Google’s Android version of iMessage is here. But there’s a catch

People with Android phones in the United States will now be able to opt into the new texting service that Google calls Chat.

People with Android phones in the United States will now be able to opt into the new texting service that Google calls Chat.

The Android version of iMessage is based on a wireless standard called Rich Communication Services (RCS), and is supposed to replace SMS texts.

“Texting is largely based on the SMS standard which lacks a lot of modern features, like sharing high-quality photos and media or being able to message over Wi-Fi,” said Sanaz Ahari, Google’s product management director. “We just felt like we had to address that user need.”

Chat, which started in the UK and France in June, is an easier way to text on Android. Like iMessage, it supports read receipts and ellipsis symbols to indicate when people are typing. Chat also lets people send texts through Wi-Fi, so they can save their cellular data. And it lets them send higher resolution images and videos.

Dan O’Connell, an analyst at research firm Gartner, said Google has long needed to catch up with Apple’s iPhone and RCS is a way for it to do so.

“They had been hoping that the service providers would work on supporting RCS themselves,” he said. “But that was very slow to happen, so I think that [Google] decided to take the initiative themselves.”

Like iMessage, users can opt into the service or disable it if they don’t want it. All Messages users in the United States will be able to chat with each other through RCS, as well as with Samsung Messages users on Sprint and US Cellular.

Routing RCS messages is more complicated than other messaging apps, but Google has made it simpler by providing RCS chat directly through its own servers instead of waiting for the carriers to offer them.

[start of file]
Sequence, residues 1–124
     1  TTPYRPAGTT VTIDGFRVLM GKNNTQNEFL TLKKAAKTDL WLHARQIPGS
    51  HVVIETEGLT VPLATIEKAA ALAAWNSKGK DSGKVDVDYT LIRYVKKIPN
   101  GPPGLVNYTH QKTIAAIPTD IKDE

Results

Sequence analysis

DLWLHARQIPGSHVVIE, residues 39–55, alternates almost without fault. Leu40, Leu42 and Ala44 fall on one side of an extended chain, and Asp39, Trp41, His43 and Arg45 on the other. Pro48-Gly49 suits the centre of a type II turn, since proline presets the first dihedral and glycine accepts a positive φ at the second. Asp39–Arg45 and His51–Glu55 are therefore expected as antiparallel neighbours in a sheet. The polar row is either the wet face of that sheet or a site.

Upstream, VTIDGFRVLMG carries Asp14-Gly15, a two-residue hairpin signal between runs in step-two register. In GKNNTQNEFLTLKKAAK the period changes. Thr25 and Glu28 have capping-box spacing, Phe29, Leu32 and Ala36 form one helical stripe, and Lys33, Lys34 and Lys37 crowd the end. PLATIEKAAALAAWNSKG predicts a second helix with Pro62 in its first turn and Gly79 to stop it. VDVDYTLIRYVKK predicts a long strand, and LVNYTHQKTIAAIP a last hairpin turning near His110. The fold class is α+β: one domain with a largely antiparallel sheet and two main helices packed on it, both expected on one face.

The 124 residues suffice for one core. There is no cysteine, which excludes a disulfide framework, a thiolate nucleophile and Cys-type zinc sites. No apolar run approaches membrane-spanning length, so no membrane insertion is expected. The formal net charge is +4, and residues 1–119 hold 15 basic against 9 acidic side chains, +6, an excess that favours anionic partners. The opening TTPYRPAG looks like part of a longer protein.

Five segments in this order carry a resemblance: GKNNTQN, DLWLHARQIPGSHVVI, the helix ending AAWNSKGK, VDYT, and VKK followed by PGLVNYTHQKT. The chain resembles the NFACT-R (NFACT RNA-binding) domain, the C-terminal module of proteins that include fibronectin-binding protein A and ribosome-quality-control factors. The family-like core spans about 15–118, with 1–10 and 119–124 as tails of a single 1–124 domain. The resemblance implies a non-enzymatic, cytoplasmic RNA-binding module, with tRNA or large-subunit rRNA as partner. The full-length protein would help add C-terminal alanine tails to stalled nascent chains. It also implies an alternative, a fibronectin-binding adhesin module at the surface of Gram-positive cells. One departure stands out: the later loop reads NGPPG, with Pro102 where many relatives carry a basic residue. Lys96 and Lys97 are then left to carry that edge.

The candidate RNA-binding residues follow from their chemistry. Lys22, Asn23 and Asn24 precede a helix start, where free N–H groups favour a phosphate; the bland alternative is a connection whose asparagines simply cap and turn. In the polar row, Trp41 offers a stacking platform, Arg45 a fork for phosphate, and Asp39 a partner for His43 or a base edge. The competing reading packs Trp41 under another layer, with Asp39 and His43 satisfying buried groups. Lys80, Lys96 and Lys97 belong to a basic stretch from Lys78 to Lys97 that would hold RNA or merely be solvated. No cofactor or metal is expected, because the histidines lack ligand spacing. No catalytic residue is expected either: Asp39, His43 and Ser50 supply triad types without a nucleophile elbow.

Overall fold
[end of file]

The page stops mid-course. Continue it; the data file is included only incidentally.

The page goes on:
But the rollout may not be as seamless as Google hoped.

First, there’s a privacy issue. Unlike iMessage, WhatsApp and Signal, RCS doesn’t offer end-to-end encryption. Google can still technically see messages as they arrive on its servers and may have to turn them over to law enforcement if asked. This could be a concern for Android users and security advocates.

Then there is the fact that the networks of the big four US carriers — Verizon, AT&T, Sprint and T-Mobile — currently can’t connect to each other via RCS. They recently announced that they will join forces next year, and Google said it is “willing to work with any carrier to connect their RCS users.”

It’s possible, however, that the carriers’ own texting apps could conflict with Google’s Android Messages app, according to The Verge.

“Having Google servers interact with the carrier services’ servers, and making sure that everything is fully synchronized, poses some degree of risk,” said O’Connell, the Gartner analyst. That could be a problem “if Google makes an update and that doesn’t get propagated to the carriers.”

Google has tried different chat solutions in the past — Allo, Hangouts, Duo and Android Messages. And despite its history of dysfunctional messaging, Android has dominated the market through its numerous partnerships with carriers and lower prices. In 2018, a staggering 74% of smartphones sold worldwide ran on Android, according to data from Gartner.

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